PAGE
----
Four things you might not know (but should) about false discovery rate control

Useful advice on controlling the False Discovery Rate (FDR)!

Spikes & Waves

Massive increases in the amount of data scientists are able to acquire and analyze over the past two decades have driven the development of new statistical tools that can better deal with the challenges of “big data.” One such set of tools is ways of controlling the “false discovery rate” (FDR) in a set of statistical tests. FDR is simply the mean proportion of statistically significant test results that are really false positives.  As you may recall from your introductory statistics course, when you perform multiple statistical tests, the probability of false positive results rapidly increases.  For example, if one were to perform a single test using an alpha level of 5% and there truly is no effect of the factor being tested, there is only a 5% chance of a false positive result.  However, if one were to perform 10 tests using an alpha level of 5% for each…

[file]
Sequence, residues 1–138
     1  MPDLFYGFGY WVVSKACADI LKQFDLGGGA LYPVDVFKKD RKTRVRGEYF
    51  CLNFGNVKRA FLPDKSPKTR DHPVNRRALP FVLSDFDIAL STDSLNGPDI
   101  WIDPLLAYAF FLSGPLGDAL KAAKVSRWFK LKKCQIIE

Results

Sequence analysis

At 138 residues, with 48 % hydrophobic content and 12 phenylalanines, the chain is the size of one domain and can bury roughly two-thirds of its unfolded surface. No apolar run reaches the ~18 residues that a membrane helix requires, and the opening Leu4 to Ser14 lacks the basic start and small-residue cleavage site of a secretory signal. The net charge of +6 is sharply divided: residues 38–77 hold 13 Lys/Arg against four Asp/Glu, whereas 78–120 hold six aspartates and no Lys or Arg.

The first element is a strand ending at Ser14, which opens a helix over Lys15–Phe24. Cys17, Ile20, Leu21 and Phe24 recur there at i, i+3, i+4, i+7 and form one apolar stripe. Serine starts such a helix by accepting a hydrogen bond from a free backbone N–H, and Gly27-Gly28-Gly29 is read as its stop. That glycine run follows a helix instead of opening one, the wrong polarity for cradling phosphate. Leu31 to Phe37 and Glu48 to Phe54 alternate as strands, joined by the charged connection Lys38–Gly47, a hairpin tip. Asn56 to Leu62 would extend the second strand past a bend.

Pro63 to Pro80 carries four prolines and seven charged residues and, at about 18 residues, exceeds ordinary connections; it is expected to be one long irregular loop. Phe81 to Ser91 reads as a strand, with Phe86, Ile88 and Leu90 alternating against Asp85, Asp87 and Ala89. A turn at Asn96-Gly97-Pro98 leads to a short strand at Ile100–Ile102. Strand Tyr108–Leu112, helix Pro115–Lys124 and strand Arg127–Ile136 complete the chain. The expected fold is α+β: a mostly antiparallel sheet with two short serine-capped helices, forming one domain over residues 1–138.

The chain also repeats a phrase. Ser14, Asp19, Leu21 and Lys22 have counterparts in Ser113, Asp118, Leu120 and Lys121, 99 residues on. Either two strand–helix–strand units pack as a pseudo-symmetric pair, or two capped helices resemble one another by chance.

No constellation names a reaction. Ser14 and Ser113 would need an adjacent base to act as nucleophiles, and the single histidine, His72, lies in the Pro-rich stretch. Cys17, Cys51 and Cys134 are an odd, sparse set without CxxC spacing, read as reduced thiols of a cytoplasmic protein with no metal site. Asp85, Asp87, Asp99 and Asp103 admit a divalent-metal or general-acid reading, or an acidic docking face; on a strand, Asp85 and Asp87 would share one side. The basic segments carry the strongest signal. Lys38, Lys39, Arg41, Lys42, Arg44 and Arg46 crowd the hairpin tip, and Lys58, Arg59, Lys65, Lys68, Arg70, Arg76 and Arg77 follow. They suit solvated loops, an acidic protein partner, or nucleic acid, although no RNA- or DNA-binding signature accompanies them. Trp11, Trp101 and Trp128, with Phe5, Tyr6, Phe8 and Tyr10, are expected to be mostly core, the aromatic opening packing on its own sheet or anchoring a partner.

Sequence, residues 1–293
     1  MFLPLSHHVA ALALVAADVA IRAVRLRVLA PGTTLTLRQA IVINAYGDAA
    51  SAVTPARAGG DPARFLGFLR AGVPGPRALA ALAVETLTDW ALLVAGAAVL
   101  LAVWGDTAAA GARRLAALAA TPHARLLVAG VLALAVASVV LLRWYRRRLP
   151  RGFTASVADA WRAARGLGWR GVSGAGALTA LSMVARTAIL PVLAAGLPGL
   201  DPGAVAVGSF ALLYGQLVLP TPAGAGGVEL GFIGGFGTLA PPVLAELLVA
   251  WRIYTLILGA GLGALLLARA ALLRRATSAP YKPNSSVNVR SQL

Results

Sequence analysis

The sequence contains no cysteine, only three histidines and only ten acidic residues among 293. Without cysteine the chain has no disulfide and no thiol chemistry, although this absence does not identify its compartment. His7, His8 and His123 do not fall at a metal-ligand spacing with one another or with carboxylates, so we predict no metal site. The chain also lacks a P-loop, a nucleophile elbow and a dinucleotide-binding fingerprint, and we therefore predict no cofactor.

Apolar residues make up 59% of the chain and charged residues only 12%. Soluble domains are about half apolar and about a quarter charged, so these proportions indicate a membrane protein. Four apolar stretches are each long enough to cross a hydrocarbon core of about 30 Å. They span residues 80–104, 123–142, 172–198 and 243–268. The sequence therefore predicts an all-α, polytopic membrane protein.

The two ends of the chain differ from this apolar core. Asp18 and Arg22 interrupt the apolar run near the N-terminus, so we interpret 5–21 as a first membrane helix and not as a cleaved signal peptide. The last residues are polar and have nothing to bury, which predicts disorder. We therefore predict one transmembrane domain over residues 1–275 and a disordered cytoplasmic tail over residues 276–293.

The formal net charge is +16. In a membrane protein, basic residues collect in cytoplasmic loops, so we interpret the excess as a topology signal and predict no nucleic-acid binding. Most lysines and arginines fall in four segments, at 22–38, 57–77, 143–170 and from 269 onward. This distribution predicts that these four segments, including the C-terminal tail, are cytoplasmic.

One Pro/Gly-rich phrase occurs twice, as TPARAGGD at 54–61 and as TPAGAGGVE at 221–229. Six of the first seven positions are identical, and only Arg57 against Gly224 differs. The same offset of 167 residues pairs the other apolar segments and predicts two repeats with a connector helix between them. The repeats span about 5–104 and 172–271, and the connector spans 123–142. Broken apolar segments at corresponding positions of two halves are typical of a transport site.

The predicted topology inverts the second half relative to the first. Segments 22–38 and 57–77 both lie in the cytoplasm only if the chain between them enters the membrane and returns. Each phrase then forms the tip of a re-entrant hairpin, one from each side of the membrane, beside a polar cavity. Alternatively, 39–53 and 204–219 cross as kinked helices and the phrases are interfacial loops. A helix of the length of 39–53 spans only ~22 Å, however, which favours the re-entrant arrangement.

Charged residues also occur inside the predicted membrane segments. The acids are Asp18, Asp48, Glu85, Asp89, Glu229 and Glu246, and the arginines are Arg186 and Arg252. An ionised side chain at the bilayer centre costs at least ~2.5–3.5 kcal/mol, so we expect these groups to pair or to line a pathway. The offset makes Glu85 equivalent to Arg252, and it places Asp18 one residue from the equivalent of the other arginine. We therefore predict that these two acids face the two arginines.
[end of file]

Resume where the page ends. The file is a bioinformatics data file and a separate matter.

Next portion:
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Four things you might not know (but should) about false discovery rate control

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